• 1.2 kg free-range lamb cubes
  • 1 brown onion, diced
  • 2 tablespoons tomato paste
  • 400g tin whole plum tomatoes, mulched
  • 1 cinnamon stick, broken
  • 400ml coconut milk
  • 1 cup weak beef stock
  • 200ml water
  • 1 tablespoon fruit chutney
  • salt and pepper, to taste
  1. To make the dry spice, toast the cumin, coriander and fennel in a pan on medium heat until fragrant. Add the garam masala, turmeric and chilli flakes, giving it a quick stir through before setting aside to cool.
  2. For the paste, heat 1 tablespoon oil in a pan and sauté the onion until softened. Stir the garlic and ginger in cook for a further 2 minutes.
  3. Add the dry spices, both Peppadew Mango Atchars with Piquanté Peppers and the fresh mango pieces to the onions. Now add the sugar and water and simmer for several minutes. Transfer the paste to a blender and blitz until smooth.
  4. Heat the remaining oil in a heavy based oven-proof saucepan. Season the lamb with salt and pepper. Brown the meat in batches, remove from the pan and set aside.
  5. Sauté the the onion in the remaining pan oils. Add the lamb back to the pan and combine with the caramelised onions. Add the whole quantity curry paste and the remaining ingredients, except the chutney. Cover with a lid and cook in a 180º C preheated oven for about 3 hours until the meat is tender and the sauce thickened.
  6. Adjust seasoning if necessary and stir through the chutney. Serve with carrot and cashew nut salad, steamed rice, naan bread and cucumber raita.

This post was sponsored by Peppadew. Recipes and opinions are my authentically that of Bibbyskitchen

If you love a good curry, you might want to try these blog favourites:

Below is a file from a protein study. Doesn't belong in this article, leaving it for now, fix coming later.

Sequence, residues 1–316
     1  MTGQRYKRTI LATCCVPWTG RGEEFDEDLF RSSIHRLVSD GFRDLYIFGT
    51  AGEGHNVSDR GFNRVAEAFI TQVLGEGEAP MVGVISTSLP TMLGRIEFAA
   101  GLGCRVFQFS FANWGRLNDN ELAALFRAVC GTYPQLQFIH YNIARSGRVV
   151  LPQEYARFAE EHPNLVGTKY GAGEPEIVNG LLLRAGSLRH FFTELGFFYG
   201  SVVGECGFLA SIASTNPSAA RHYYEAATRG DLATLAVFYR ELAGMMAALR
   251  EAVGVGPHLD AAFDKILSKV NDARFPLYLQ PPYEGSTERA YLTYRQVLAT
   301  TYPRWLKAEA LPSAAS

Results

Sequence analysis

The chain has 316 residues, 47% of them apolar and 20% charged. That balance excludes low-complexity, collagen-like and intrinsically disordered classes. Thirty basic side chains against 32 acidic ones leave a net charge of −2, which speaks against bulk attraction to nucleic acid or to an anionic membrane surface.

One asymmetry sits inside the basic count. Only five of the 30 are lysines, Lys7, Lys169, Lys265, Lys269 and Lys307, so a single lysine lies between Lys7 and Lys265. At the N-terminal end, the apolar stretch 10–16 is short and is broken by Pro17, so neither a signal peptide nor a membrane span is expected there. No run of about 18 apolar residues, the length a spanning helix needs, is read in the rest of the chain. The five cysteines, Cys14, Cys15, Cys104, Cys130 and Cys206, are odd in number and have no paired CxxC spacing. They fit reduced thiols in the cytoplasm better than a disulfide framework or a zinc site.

This Cape Malay chicken curry with roast bananas

Healthy Butter chicken curry

Coconut and pistachio chicken korma

Butternut tikka masala curry





8 Comments. Leave new

  • Wow, that flavour combination looks great and the salad idea too. DELL..ICIOUS!

  • Thanks Akhila. It’s quite an unusual combination but works like a charm. Deeply spiced with a subtly sweet edge.

  • Looks delicious but can’t find the carrot and cashew salad recipe?

  • Dianne Bibby
    13 August 2018 7:38 pm

    Hi Toni. Unfortunately I had to save the carrot salad recipe for another time. Stay tuned for some really exciting news. And this salad recipe.

  • Thank you for amazing recipe
    Spices are Devine
    I left out sweet elements.
    Use mango in salad

  • Dianne Bibby
    11 August 2019 6:53 am

    Thank you Lallie. There’s great depth of flavour in this curry. I’m sure the mango tasted lovely in the salad too.

  • I cannot get the peppadew mango atchar in the U.S., I don’t think. I live in a barren wasteland for unusual foods in Florida. What product would be similar? Thank you!

  • Dianne Bibby
    19 August 2020 9:01 am

    Hi Alene. I’m trying to think what you may have that’s similar? I’d say, some kind of vinegary vegetable pickle could fill in for the Atchar. And then, I’d possibly add fresh mango for that lovely fruity flavour – maybe one small mango, just shy of ripe. Slightly under-ripe will be deliciously tart. I hope that helps. All the best Di